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April 30, 2006

Slow Weekend

The point of this weekend was to do as little as possible. We all needed it.

We got back from Iowa on Friday night. Isabella got a new conformer while we were there. It was about three sizes larger than the one that she had originally had in there and it looks a lot more natural than the other one did. Since she went up so many sizes, we don't have to go back until we go back for her corneal transplant. I'm really happy about that... It is going to allow us to try to get back into some sort of a routine.

One exciting thing about our trip out was our stay at the Ronald McDonald House. The Ronald McDonald House is a non-profit organization that is designed to help families with a place to stay while their children are in treatment. This was our first time staying and I have to say that it exceeded expectations. The room itself was nicer that most hotels. There was also a well stocked pantry and a kitchen area. The excitement came when I mentioned to the night manager, Kira, that there was a small issue with the sink in our room. It wasn't draining properly. Kira first offered to put some Drano down the sink, but they had run out, so I offered to clean it out. She brought in a bucket and some gloves and I pulled off the trap and out came a big nasty hair ball. Unfortunately, that wasn't the end of the clog. The drain still wasn't working right, so I asked Kira for a hanger and I bent it up and pulled out the rest of the clog. Kira was mortified, but I really didn't mind... The fact that we were able to stay at the house was more than a trade for a little plumbing work.

Aside from that, it was a pretty uneventful trip and uneventful weekend.

More to come soon... Pictures, too.

April 26, 2006

The Story

I can't even guess how many times I have told the story of Isabella's eyes over the past few days. Understandably, people are curious about what is going on and I respect that.

The reactions I have gotten can be broken down into three groups.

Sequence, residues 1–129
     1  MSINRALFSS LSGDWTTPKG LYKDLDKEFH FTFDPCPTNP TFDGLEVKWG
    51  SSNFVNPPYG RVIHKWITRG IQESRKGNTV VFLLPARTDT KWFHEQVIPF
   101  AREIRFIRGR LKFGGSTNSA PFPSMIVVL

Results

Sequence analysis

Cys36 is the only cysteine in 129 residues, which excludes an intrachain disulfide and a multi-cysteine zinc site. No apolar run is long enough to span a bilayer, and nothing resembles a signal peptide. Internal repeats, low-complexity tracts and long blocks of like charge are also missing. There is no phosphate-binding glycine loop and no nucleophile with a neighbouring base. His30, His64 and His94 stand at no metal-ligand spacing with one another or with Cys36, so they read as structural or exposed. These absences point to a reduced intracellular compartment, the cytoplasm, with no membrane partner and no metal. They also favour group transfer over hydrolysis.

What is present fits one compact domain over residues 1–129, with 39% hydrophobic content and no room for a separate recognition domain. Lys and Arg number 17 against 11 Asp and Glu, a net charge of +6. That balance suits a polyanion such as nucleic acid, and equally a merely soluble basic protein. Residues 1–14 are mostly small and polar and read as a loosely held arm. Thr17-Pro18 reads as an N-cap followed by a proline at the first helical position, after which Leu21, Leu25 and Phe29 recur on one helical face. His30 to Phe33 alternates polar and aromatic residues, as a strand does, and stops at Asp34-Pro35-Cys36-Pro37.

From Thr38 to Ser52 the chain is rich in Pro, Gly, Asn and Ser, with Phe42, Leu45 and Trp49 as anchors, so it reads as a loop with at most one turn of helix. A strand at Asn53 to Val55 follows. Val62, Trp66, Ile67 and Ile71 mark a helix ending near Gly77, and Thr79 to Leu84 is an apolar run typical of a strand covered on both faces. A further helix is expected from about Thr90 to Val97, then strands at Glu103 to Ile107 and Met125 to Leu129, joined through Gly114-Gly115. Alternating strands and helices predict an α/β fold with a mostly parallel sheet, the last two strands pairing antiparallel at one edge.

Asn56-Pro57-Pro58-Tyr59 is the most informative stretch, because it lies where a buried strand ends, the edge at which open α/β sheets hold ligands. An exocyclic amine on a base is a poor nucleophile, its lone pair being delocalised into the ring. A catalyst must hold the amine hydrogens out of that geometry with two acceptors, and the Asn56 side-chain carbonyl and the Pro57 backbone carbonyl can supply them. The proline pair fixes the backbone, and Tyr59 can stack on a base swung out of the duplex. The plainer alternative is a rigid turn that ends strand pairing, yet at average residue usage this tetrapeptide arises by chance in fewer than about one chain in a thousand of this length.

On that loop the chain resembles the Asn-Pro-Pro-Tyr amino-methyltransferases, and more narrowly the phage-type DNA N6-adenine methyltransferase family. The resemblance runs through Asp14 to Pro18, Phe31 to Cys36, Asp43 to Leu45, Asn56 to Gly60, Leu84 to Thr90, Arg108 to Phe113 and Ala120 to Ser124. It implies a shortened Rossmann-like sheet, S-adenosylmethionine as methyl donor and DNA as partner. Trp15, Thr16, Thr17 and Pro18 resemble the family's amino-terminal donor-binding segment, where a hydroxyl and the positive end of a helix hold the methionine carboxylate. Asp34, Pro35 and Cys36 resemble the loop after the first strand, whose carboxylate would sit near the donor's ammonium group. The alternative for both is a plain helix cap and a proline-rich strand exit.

The first group are people that are honestly curious about what is going on and have questions about it. They typically ask really good questions and listen to the answers. This group is very good to talk to because some of the questions they ask lead you down paths that you hadn't previously considered. This can be very useful.

The second group of people are the ones that are afraid. They are afraid of asking questions and of they do, they are afraid of your reaction. They ask how things are going and then sit back and look somewhat appalled when you answer with candor. I don't unload on people, but I don't sugar coat the situation as well. I'm not going to break down if you ask and I will answer any question that I can.

The third group of people are the ones that really bother me. This group doesn't say anything and appear to show pity in their eyes. This has not been easy on us, but we do not want or need pity. We have experienced hundreds of emotions in the past few weeks. Anger at the situation in general. Sadness over the loss of the feeling of normalcy. Fear of the unknown. Stress about making sure she gets everything she needs when she needs it. Jealousy at pictures in catalogs and magazines that show children with beautiful eyes staring back at you.

But in that same time, I have never felt, for a single moment, sorry for myself or for Isabella. I wish that things had worked out differently, but they didn't and we are moving forward. Don't pity us... We have a beautiful baby girl that is very healthy. She is a happy baby. She eats well. She sleeps well. She rides in the car well. She has only spit up three times since her birth. Not too many people can say that... With hard work, Isabella's issues can be overcome and she will lead a normal life.

There is no need, or time, for pity.

April 24, 2006

Show and Tell

Noah has been asking if Misty could bring Isabella to school so he could show her off to all his friends and teachers. Today was the day.

Kids being what kids are, it led to a lot of questions about her eye.

Misty told me that when they asked, his teacher kept telling the kids that there was nothing wrong with her eye.

At that point, Noah pushed everyone back and told them that she had a special thing in her eye that was going to help her face grow. He told everyone that she had been seeing lots of doctors and that they are very smart and that they were going to help her.